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laundering definition. They show that income from tax evasion is by far the largest part of criminal income (quoted in [21]). It amounts to about 4 to 6% of GDP. Estimates from Schneider and Enste [25], and Schneider [24] on the development of the shadow economy indicate that tax evasion has increased over time. In the following we will leave out tax evasion, then, and instead concentrate on the two most important predicate crimes: fraud and drugs. Quantifying predicate crimes Walker and Unger [44] see fraud as the predicate crime which produces the highest criminal proceeds. As for tax evasion there are only sporadic estimates of fraud from individual countries and for particular sorts of fraud (such as credit card fraud, value added tax fraud). Fraud seems to rise over time at least with respect to identity fraud and company fraud (see 30, 31). For criticism of the data see Thoumi [29] and the works of Reuter, who in particular heavily criticizes the interpretation of fraud survey data [21, 23]. The lack of data makes a serious empirical comparison of fraud impossible at the time being. However so far there exist no signs that fraud has decreased in previous years. This means that we can safely exclude this factor in our efforts to determine if anti-money laundering policy has been successful. The development of drug cultivation of opium and cocaine is meticulously monitored by the United Nations Office on Drugs and Crime (UNODC) (see diverse annual reports). Opium cultivation is watched by satellite, opium fields are zoomed in with programs like Google Earth, and the average production per square meter or acre is calculated depending on the quality of the harvest. There are also drug consumption data from treatment statistics and drug seizure data which allow for the estimation of other drugs as well, however with less reliability. As Fig. 2 shows, the manufacturing of cocaine, the drug which today poses the greatest drug problem for the US population, has not decreased since 1995. A more favorable result could be reached with regard to the most dangerous drug, opium, which can be processed into heroin. Opium cultivation has decreased since 2007, where it was 9,000 metric tons, quite significantly. However, with 7,800 metric tons production is still higher than its long run average of 5,000 metric tons. According to the UNODC [41] the production of other drugs, like amphetamines, ecstasy, marijuana and hashish all have increased since the mid 1980s. In addition, the quality and purity of some of the softer drugs has increased so much that health problems (like psychosis from long term hashish consumption) also increased. Overall, drug production and the proceeds of drugs do not seem to have declined since the mid 1980s. There was, however, a substitution from hard drugs with softer drugs production, in particular since 2007. So, if anti-money laundering policy has had a positive effect on crime, then at its best it has led to a reduction of hard drugs at the expense of increasingly intense soft drugs. The proceeds of crime In the following, we will look mainly at proceeds from drugs since other crimerelated data are largely missing or as shown above, contested. In addition, the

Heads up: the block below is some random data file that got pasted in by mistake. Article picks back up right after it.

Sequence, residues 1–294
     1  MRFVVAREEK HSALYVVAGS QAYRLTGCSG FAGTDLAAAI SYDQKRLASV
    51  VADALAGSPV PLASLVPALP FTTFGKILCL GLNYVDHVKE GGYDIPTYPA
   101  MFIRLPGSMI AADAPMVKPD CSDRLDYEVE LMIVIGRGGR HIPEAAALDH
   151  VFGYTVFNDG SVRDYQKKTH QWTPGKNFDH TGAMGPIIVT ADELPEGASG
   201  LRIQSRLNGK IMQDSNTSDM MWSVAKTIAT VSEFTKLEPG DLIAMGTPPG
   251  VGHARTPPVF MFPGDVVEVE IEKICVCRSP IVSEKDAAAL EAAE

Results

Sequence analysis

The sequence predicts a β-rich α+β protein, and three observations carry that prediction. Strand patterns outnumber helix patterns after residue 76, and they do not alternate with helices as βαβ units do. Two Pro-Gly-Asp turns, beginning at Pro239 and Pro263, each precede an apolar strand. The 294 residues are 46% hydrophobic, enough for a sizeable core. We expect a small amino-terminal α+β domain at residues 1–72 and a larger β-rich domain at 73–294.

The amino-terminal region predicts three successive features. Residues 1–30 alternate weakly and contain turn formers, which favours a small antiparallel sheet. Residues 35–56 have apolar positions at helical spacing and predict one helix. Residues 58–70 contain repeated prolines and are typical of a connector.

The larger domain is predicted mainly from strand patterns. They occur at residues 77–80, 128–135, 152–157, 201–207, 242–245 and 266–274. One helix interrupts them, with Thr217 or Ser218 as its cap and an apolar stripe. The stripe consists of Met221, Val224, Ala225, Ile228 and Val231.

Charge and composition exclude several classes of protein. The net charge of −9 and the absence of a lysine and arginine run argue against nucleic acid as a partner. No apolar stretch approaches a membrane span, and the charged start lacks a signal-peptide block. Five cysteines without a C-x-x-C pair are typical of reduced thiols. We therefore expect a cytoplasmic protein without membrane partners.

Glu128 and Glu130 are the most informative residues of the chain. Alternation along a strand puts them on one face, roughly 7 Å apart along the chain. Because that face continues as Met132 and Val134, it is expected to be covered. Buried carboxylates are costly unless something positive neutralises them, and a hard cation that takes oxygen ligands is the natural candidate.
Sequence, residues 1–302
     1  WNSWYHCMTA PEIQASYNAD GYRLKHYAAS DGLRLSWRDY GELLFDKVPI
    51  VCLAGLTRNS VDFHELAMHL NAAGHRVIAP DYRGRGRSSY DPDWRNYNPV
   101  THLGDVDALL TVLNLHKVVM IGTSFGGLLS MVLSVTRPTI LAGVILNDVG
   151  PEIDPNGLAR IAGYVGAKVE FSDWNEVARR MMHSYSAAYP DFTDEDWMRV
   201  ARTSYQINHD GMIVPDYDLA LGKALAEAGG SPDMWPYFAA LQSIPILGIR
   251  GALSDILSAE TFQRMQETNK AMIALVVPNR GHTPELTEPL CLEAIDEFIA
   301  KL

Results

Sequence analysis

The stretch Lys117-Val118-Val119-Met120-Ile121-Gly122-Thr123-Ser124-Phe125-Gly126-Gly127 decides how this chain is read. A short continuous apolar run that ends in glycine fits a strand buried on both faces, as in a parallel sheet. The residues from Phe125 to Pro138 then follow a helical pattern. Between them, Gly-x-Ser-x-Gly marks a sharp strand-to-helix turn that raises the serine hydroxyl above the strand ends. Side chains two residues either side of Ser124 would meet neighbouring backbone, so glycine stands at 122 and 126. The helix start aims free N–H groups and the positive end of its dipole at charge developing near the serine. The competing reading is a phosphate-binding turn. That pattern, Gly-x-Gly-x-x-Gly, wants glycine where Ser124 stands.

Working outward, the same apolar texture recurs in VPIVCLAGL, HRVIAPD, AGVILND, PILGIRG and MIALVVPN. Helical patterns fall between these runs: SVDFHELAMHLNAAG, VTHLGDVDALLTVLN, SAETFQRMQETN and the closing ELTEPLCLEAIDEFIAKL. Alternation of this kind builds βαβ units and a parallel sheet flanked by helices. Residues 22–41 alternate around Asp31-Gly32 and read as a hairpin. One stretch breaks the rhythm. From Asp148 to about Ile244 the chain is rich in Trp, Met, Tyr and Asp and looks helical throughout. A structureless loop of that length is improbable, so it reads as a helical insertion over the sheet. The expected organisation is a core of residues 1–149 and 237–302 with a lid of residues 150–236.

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original crime associated with money laundering was drug trafficking. Did antimoney laundering policy lead to a decline in the volume of drug production or consumption, or did it lead to a decrease in profits of the narcotic business? The volume of drugs produced can be sold at the market price.3 The proceeds of crime are hence the sales volume times the sales price. Reuter and Truman [23] show how sensitive drug proceed estimates are to where the drug is sold. Between the price that the Afghani peasant producer gets and the price that the US consumer finally pays are thousands of percentages of mark-up along the drug route. Seizures along this route indicate that there are ‘leakages’, i.e. the drug gets partly sold along this route. Anthony and Fries [1] follow the cocaine path to market and show that 1 g pure cocaine left the Columbian coca-farm for ten cents and cost $130 US dollars on American streets in the late 1990s. In 2005, the UNODC estimated the size of the global illicit drugs market at the retail level at $322 billion or 1% of world GDP. North America and Europe were identified as the largest drugs market accounting for 44% and 33% respectively of the global market. The largest drugs sales were related to cannabis, followed by cocaine and the opiates (Fig. 1). The UNODC has a good overview over the size and value of the heroin and cocaine markets. With regard to the cannabis and synthetic drugs market, more uncertainty exists, as these are harder to detect. A UNODC study on illicit capital flows resulting from transnational organized crime gives an overview of the existing estimates and models used in estimating proceeds of crime. There seem to be indications that the cannabis market today is smaller than estimated by the model of 2003, while the synthetic drugs market has increased. The value of the global illicit drug market in 2010 is estimated to lie between $200 and $400 billion [41]. If the value of the drugs market did not change over the last 7 years, hence remaining at $322 billion then the percentage of drugs in GDP would have fallen. With this, the anti-money laundering authorities could register some success. However the range of the estimates given is still too large to conclude even the sign of the trend in total drugs proceeds. If we focus on the better researched aspects of the drugs market, the opium/heroin and the cocaine market, then some interesting results can be seen. If we multiply the cultivated cocaine with the US inflation adjusted cocaine retail sale gram price, we find that these ‘proceeds’ of cocaine have not declined4 (see Fig. 2 below). A reduction in cocaine manufacturing (or an increase in cocaine seizure) is usually offset by higher cocaine prices, with the result that the proceeds of cocaine are very stable over time. However, for the other hard drug, opium, cultivation has decreased over the last 2 years (though it has not gone down over the whole period). Heroin is produced from opium, and if the relation between opium cultivation and heroin proceeds stayed similar in the last 2 years to levels over the whole period, then 3 The drugs seized by the authorities have to be deducted if one assumes that authorities destroy the drug and do not resell it on the market, which is true for some countries, but unfortunately not for others. In the following we neglect seizures, though there might be an increase of seizures due to a more intense anti drug policy. 4 This number definitely overestimates the worldwide proceeds of cocaine, since not all cocaine is sold in the US but perhaps in cheaper location and perhaps in bigger quantities. But under the assumption that drug prices in other countries stayed on average in a constant relation to the US cocaine price, the trend in the proceeds of cocaine would still be correct.